It Worked for the Comic Strip
The perennial favorite comic strip, “Peanuts,” featuring Charlie Brown and Lucy, among other lovable characters, has been around for the better part of a century now. Even long after its creator’s death, Peanuts has survived and even thrived in American newspapers. Now, scientists from the Netherlands have published new research which suggests that eating peanuts and other tree nuts is also associated with long life. Like the namesake comic strip, edible peanuts appear to have staying power.
But don’t reach for the peanut butter. Greater intake of peanuts and tree nuts, such as almonds, walnuts or pistachios, is linked to protection against developing heart disease, cancer, respiratory illnesses, and other major causes of death. But there was no such relationship between consumption of peanut butter and risk of dying from all causes. Investigators speculate that that’s because peanut butter includes added salt and vegetable oils. The strongest protection conferred by peanut and nut consumption appeared to be against respiratory disease, neurodegenerative disease, and diabetes, followed by cancer and cardiovascular diseases.
Previous studies by other investigative teams have focused on the effects of nut consumption on heart disease risk factors. But the present study examined all major causes of death to arrive at the conclusion that nut consumption is also protective against other diseases. In a press release, project leader and epidemiologist Professor Piet van den Brandt commented: “It was remarkable that substantially lower mortality was already observed at consumption levels of 15 grams of nuts or peanuts on average per day. A higher intake was not associated with further reduction in mortality risk. This was also supported by a meta-analysis of previously published studies together with the Netherlands Cohort Study, in which cancer and respiratory mortality showed this same dose-response pattern.”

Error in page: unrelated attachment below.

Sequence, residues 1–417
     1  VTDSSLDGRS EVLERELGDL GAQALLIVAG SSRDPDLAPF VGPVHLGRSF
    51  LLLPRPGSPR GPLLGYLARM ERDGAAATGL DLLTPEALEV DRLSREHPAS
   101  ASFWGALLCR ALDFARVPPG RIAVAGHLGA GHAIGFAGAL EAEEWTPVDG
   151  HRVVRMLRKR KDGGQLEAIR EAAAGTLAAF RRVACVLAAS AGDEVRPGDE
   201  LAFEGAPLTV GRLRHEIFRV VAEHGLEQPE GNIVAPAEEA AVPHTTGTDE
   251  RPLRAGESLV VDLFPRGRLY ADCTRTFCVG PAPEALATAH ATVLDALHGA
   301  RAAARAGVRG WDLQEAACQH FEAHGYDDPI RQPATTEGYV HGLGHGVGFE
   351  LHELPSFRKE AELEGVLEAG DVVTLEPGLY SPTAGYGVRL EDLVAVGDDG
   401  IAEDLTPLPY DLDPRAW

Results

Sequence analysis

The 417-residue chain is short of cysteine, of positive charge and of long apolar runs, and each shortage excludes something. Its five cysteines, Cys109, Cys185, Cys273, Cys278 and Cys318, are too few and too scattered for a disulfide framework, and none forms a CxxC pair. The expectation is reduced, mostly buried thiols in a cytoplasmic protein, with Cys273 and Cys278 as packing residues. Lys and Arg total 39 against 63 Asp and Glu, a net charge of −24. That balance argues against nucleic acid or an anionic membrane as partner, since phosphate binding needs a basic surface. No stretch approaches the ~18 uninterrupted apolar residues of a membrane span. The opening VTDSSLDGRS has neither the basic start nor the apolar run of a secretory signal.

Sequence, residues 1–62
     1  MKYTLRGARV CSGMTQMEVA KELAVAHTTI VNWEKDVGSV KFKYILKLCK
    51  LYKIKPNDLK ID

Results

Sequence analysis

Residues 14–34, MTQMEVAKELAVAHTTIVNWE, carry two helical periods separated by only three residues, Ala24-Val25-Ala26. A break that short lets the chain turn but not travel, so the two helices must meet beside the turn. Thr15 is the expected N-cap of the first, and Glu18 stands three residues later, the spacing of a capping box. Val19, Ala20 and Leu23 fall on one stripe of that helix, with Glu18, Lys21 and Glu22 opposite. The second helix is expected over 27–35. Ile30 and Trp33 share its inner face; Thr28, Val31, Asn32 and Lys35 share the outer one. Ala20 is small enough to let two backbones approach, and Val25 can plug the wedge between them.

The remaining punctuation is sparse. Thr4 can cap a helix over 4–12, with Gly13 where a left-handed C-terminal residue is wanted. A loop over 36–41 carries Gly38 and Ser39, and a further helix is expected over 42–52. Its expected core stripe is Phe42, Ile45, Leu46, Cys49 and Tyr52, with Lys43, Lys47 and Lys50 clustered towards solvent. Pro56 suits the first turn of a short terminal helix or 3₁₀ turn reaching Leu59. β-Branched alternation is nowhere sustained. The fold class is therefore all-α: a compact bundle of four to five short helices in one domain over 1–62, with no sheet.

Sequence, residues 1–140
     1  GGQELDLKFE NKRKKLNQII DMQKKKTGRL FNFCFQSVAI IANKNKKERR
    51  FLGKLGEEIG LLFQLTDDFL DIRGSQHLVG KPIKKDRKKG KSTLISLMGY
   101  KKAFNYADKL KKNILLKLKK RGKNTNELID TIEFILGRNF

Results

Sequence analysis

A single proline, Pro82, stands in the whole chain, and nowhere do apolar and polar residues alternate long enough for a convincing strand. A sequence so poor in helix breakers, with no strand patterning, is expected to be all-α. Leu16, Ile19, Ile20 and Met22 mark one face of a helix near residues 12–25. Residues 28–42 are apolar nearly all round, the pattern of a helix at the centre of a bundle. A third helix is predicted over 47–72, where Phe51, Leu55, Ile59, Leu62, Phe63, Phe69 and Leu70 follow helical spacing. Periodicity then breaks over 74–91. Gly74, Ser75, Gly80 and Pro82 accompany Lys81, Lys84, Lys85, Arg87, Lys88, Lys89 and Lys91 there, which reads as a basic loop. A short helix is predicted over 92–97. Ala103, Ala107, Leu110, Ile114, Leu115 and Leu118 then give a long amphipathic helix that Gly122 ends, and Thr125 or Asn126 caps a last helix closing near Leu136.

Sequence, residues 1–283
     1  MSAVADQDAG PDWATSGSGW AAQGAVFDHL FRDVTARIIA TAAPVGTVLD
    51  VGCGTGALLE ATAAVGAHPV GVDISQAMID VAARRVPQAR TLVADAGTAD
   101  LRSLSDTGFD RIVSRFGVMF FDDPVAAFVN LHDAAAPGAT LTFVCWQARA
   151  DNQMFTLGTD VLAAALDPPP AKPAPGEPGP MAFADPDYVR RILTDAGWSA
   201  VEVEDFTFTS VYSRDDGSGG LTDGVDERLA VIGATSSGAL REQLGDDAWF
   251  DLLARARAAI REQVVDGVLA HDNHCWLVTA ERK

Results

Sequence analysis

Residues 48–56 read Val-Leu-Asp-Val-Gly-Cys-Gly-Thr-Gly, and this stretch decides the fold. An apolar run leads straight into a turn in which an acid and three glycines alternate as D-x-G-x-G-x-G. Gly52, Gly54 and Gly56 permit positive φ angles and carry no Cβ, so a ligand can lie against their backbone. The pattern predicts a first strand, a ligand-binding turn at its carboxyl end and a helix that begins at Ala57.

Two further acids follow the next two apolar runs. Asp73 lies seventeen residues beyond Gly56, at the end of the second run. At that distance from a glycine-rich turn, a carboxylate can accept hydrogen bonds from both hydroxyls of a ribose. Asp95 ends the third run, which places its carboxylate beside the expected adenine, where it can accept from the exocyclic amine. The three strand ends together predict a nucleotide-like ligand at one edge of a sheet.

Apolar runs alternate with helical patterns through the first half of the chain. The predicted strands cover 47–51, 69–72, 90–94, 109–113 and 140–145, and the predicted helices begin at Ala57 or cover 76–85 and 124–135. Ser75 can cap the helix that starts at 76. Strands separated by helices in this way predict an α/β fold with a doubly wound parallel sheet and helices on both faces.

Fifteen grams of nuts is equal to about a half handful of the tasty treats. Although they are relatively high in fats, nuts invariably contain heart-healthy mono-and polyunsaturated fatty acids, which are actually good for the cardiovascular system. They also contain not-insignificant amounts of essential vitamins and minerals, and contribute antioxidants and fiber, and other bioactive compounds. Previous studies have also demonstrated that nuts help control appetite, and may be useful snacks for people attempting to lose weight.
Piet A. van den Brandt, Leo J. Schouten. Relationship of tree nut, peanut, and peanut butter intake with total and cause-specific mortality: a cohort study and meta-analysis. International Journal of Epidemiology, June 2015